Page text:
Saturday, October 24, 2009

Ashton, Ellen and the Nation of Facebook

Perhaps you've already seen the terrific video for Erik Qualman's book "Socialnomics." If not, you should. It cites some truly mind-boggling data (all verified) to prove that social media is revolutionizing the way we communicate, thus providing a powerful new channel for marketers to engage customers in a more conversational and efficient way. It's a terrific tool for anyone who wants to spread the word about the incredible potential of this still evolving medium.

And fortunately for you, oh lucky reader, I've not only attached the video (below), but also cherry-picked and commented on some of my favorite examples for those of you with ADHD:

• With its current population of more than 300 million, the nation of Facebook would be the fourth-largest in the world (right behind the U.S.A.). I'm guessing it would also be the most opinionated nation in the world.

• Social media has overtaken pornography as the most popular activity on the Internet. In other words, more and more users are replacing one form of online intercourse with another.

• One out of every eight couples who married in the U.S. last year met through social media. No data yet on how many of those couples are straying through social media.

• Between them, Ashton Kutcher and Ellen Degeneres have more Twitter followers than the population of Ireland, Norway, or Panama. Imagine if Ashton and Ellen airlifted this army into Tora Bora.

• The fastest growing segment on Facebook is 55-65 year-old females. Go Cougars!

There are many more such eye-opening facts in the video, presented in a graphically simple, yet exciting way. It should be seen by every prospective client. More importantly, it should be circulated internally at every client's headquarters, where those who propose new thinking often have a steep hill to climb.

– Mark

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Wednesday, October 7, 2009

On Your Mark. Get Set. Get Set. Get Set…

While the real fun won’t begin until the FDA holds its public hearings on digital and social media guidelines November 12 and 13, you can almost feel the mix of apprehension and hope coming from pharmaceutical companies and agencies, alike.

At Extrovertic, we lean more towards the hope side.

Much like a dog that depends on his invisible fence collar to give him an audible warning beep before shocking the hell out of him, the pharmaceutical industry will ultimately find comfort in having clearly defined boundaries within which it can safely operate.

My partner Dorothy Wetzel likes to remind people that before the original DTC guidelines were established in 1997, it was perfectly legal for pharmaceutical companies to advertise on television. But they didn't, out of fear that they wouldn't handle the risk/side effect information to the FDA's liking, creating a messy and costly situation for themselves.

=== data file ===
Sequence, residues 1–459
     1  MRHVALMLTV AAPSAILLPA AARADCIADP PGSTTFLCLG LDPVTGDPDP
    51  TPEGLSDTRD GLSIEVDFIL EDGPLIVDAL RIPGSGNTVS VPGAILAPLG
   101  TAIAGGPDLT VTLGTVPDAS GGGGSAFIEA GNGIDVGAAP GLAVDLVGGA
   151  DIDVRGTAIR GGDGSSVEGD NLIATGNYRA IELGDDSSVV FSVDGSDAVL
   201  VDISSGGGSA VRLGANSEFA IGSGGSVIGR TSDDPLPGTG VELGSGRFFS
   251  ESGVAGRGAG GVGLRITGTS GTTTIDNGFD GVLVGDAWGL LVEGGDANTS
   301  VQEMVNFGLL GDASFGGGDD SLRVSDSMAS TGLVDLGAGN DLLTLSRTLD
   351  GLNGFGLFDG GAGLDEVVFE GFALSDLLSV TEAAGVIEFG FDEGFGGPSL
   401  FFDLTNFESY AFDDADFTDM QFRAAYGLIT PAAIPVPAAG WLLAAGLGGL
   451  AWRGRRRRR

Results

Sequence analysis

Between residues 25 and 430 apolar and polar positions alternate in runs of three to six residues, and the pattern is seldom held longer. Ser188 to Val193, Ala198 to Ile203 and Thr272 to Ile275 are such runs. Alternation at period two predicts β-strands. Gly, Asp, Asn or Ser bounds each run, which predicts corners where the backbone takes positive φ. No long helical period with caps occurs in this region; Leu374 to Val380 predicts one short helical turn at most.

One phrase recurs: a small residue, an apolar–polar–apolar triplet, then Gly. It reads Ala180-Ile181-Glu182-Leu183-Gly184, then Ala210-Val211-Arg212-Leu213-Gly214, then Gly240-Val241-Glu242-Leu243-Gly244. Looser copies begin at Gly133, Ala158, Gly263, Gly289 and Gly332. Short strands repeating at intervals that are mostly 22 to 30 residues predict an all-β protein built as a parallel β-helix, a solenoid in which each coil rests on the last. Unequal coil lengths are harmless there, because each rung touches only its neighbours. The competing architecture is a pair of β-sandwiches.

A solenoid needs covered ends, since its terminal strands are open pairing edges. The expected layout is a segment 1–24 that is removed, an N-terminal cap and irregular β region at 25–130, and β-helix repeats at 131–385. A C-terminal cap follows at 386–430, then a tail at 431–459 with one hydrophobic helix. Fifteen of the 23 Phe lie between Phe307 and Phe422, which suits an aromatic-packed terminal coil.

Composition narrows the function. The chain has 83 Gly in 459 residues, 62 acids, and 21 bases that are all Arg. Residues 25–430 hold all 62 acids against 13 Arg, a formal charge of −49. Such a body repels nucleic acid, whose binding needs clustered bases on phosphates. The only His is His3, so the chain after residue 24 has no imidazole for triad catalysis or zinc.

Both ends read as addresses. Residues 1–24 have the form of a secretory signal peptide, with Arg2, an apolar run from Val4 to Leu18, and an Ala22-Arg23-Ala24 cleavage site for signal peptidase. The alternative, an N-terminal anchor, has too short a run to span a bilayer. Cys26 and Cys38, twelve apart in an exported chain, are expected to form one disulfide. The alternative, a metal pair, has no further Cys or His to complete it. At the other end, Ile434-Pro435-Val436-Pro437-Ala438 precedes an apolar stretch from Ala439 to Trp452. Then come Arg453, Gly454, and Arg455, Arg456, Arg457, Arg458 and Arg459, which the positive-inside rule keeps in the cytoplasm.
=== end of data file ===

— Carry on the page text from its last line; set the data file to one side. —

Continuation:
Unfortunately, the process will take some time. Comment letters will continue to be accepted through February 2010, after which it will take up to a year to publish draft guidelines, accept more comments from the public, and then publish final guidelines. This means it probably won’t be until 2011 the FDA sets its new rules in place. But it will be well worth the wait.

"The guidelines will provide some clarity around what pharmaceutical companies can and cannot do," says Dorothy. "Everyone is being cautious right now."

What companies should do in the meantime, is use this time productively. They should start building some simple pilot programs into their marketing mix, so they’ll have a healthy head start on those still waiting for the guidelines.

By limiting these programs to small markets and simple tactics, they can mitigate the risk yet reap the rewards of success. Not to mention all the learning garnered along the way.

They should also start educating – and yes, socializing – everyone within the company about social media. Suggest that everyone from the mailroom to the C-suite get familiar with Facebook, Twitter, Youtube, Flickr and blogging. Have them open their own accounts if they can.

While some may look to the guidelines negatively, as interfering with their business, those who think ahead will see it as a great opportunity and look to maximize its potential as soon as today.

– Mark

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